Separate handling of the Penn Central-Long Island relationship may well be what the future holds. Liquidation of unresolved claims will be a high-priority function of the new company, both because it is in everyone's interest that the claims be liquidated promptly, and also because this Court will require that the liquidation process proceed as quickly and fairly as possible. Failing amicable resolution of the Long Island's claim (a process which appears to have been pursued actively by the Trustees to date), its claims will have to be presented to this Court. It is understandable that the Long Island, and I am sure many other claimants, feel some frustration over the fact that their claims have not been liquidated or otherwise determined by now. The fact is, however, that the Trustees' efforts have been properly directed to the larger questions of providing rail services through April of 1976, and thereafter to the development and prosecution of a Reorganization Plan. In sum, while the Court understands the Long Island's position, it simply has no bearing on the question of disaffirmance of executory contracts.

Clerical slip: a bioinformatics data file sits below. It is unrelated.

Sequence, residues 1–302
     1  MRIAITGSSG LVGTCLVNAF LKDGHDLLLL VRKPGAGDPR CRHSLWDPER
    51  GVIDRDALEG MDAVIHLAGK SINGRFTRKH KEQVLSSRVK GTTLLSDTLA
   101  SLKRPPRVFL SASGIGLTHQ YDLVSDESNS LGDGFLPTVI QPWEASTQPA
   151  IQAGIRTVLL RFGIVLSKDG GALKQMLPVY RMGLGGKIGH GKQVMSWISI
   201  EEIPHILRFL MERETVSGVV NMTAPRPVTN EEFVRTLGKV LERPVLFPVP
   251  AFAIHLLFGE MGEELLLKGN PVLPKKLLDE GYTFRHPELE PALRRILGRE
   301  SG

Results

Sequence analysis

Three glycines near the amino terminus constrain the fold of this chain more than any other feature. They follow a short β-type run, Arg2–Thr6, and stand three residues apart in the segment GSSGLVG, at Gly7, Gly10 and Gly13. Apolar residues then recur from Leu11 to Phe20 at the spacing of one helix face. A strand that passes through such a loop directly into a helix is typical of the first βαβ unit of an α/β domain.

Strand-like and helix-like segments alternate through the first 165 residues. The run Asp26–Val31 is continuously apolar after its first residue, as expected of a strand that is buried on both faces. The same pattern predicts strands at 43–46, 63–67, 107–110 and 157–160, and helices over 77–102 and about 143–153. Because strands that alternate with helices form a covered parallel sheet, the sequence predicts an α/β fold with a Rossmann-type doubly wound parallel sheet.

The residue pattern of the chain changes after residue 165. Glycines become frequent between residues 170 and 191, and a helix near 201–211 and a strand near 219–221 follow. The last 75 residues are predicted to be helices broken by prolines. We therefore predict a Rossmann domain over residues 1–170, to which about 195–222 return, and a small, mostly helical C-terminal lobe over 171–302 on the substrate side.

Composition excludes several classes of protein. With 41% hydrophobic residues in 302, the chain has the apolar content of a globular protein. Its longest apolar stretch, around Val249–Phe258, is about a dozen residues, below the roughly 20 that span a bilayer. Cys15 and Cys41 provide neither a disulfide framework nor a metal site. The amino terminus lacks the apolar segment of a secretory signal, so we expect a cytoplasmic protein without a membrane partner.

The Chessie System and the Committee of Interline Railroads have raised what is essentially a procedural objection: The Trustees must give notice to each contracting party of the precise contract or contracts disaffirmed. Notice has been given to potential claimants, but it is not possible at the present time to identify, except by classes, the contracts which are disaffirmed. The contracts are in the possession of ConRail, and even though a large commitment of time and money has been made by the Trustees and ConRail to sorting out which contracts were assumed and to identifying the contracting party, the process will not be completed for many years. This situation is simply another example of the pervasive effect of the RRRA on this reorganization. The lack of specific notice has two possible impacts: (1) the potential inability to raise arguments that a given contract is not an executory contract for the purposes of § 77; and (2) the inability to file a timely claim.